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We all know that Earth revolves around the Sun due to Gravitational force of the Sun. Also we know that it takes just over 8 minutes for the Sun's light to reach Earth. Now let us say, hypothetically if the sun were to suddenly extinguish (or disappear), would the Earth still not experience any effect of it until just over 8 minutes later (equivalent to time taken by light to reach from Sun to Earth) ? That is, Would the earth still continue to revolve (due to the centripetal force) for next 8 minutes after Sun disappearance and then thrown out of its revolving orbit (due to centrifugal) OR will it be immediately thrown out on the moment the Sun disappeared (i.e., not after 8 minutes) ?

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marked as duplicate by Ben Crowell, John Rennie, Qmechanic Oct 12 '13 at 15:08

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  • $\begingroup$ Related: physics.stackexchange.com/q/5456 $\endgroup$ – jinawee Oct 11 '13 at 23:12
  • $\begingroup$ No not "due to Gravitational force of the Sun" but because of the gravitational force between the Sun and the Earth. $\endgroup$ – hpekristiansen Oct 12 '13 at 0:01
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    $\begingroup$ Now let us say, hypothetically if the sun were to suddenly extinguish (or disappear), This would be inconsistent with general relativity, which requires local conservation of mass-energy. You can move the sun away very quickly, but you can't just make it disappear. $\endgroup$ – Ben Crowell Oct 12 '13 at 2:02
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The answer to this question is not resolved yet. Well, Newton's said that the response is instantaneous, and we know enough now to state that that's wrong.

According to Einstein's General/Special relativity, the fastest speed is the speed of light, so the speed of light is the speed of whatever holds the sun and earth together.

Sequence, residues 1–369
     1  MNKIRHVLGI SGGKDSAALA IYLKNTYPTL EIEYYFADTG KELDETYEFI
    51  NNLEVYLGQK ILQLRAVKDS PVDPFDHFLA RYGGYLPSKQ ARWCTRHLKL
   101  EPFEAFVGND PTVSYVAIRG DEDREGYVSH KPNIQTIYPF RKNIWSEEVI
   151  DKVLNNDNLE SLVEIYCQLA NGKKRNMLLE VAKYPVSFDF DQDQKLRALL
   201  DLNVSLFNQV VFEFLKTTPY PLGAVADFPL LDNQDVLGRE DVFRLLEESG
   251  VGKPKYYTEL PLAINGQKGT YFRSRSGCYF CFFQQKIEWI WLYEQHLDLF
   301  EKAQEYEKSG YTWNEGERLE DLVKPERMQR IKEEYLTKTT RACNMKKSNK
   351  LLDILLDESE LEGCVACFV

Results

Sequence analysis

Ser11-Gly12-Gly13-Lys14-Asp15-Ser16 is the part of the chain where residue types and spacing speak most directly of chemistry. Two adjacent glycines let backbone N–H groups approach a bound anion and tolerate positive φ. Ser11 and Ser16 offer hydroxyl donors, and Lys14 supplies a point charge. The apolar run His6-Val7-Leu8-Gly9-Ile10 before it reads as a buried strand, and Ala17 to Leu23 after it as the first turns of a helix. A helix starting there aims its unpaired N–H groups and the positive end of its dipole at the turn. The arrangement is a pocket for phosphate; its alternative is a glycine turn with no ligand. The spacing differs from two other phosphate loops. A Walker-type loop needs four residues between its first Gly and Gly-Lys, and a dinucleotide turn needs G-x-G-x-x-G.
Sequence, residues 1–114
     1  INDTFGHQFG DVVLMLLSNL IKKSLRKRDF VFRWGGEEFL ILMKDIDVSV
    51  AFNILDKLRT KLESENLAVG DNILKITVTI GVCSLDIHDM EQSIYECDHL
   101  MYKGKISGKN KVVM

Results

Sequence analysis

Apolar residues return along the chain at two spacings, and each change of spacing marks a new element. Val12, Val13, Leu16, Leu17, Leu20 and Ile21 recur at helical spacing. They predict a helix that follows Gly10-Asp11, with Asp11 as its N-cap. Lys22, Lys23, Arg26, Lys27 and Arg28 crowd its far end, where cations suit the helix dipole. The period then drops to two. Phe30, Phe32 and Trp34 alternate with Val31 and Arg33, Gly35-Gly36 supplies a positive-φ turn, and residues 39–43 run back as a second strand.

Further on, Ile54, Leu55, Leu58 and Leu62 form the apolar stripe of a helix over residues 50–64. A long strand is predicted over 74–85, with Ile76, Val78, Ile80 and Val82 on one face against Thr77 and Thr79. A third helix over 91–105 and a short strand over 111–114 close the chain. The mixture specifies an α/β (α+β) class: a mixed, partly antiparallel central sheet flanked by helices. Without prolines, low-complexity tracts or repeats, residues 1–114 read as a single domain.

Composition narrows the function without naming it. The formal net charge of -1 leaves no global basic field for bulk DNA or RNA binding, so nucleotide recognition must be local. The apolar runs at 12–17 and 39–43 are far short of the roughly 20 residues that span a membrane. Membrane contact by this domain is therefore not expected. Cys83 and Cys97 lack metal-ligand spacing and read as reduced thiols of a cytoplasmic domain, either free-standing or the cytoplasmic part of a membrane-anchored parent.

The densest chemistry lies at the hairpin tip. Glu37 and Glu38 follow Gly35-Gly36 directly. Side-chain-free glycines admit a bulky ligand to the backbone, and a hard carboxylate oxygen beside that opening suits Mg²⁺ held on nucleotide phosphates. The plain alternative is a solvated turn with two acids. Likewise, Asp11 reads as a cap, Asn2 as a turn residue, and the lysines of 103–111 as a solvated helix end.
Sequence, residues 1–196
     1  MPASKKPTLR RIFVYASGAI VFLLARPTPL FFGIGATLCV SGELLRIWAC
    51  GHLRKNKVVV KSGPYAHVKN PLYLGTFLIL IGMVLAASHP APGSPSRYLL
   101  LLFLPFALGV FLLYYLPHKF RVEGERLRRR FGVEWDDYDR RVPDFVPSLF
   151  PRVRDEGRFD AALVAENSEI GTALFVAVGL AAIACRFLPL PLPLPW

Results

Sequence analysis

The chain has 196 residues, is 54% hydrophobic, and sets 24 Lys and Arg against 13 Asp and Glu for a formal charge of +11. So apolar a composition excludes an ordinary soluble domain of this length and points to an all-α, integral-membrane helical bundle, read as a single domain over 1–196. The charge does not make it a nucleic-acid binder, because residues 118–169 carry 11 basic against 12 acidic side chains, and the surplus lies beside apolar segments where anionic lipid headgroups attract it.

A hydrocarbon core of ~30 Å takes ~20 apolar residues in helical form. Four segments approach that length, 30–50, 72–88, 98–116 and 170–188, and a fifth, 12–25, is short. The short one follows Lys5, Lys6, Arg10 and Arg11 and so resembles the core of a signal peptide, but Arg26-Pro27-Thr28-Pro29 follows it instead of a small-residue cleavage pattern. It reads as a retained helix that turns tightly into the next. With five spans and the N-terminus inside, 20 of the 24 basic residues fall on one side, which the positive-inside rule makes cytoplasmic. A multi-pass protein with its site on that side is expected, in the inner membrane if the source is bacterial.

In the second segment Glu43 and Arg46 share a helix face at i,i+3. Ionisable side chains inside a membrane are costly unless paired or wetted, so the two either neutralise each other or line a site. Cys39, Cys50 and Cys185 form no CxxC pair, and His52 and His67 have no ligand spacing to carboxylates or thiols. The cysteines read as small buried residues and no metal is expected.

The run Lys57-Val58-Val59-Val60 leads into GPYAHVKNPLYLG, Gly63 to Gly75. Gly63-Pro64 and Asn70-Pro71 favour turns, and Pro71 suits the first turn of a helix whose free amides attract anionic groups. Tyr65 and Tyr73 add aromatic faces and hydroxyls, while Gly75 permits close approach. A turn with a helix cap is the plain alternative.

String Theory predicts bosons called "Gravitons" that move in the speed of light, and which do the gravitation. Gravitons are not detected experimentally.

So I guess there's no answer to this question now, though the classical General Relativity (no Quantum Effects) takes it as the speed of light. So yes, with general relativity, it'll take around 8 minutes.

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  • $\begingroup$ Gravitons are considered as gravitational force carriers with zero mass. How is that possible ? Even as small as quarks or mesons which are force carriers in strong nuclear forces do possess atleast the tiniest/slightest of mass. And the theory says graviton doesnot have mass ? Although some one could make contradictory point saying that if graviton would have had some mass, it means then an object with more mass is continuously losing some mass whilst other object experiencing gravity is continuously gaining mass -> this means our mass should increase every second and so do our weight ! $\endgroup$ – Dhwanit Oct 11 '13 at 23:08
  • $\begingroup$ Quarks and mesons are not the force carriers. en.wikipedia.org/wiki/Standard_Model#Gauge_bosons $\endgroup$ – hpekristiansen Oct 12 '13 at 0:04
  • $\begingroup$ The answer to this question is not resolved yet. Not true. The issue is well understood and has been tested empirically, as discussed in the answers to the question that this one duplicates. $\endgroup$ – Ben Crowell Oct 12 '13 at 1:59
  • $\begingroup$ @Dhwanit photons also have no mass, but this doesn't surprise anyone. $\endgroup$ – Ruslan Oct 12 '13 at 8:26

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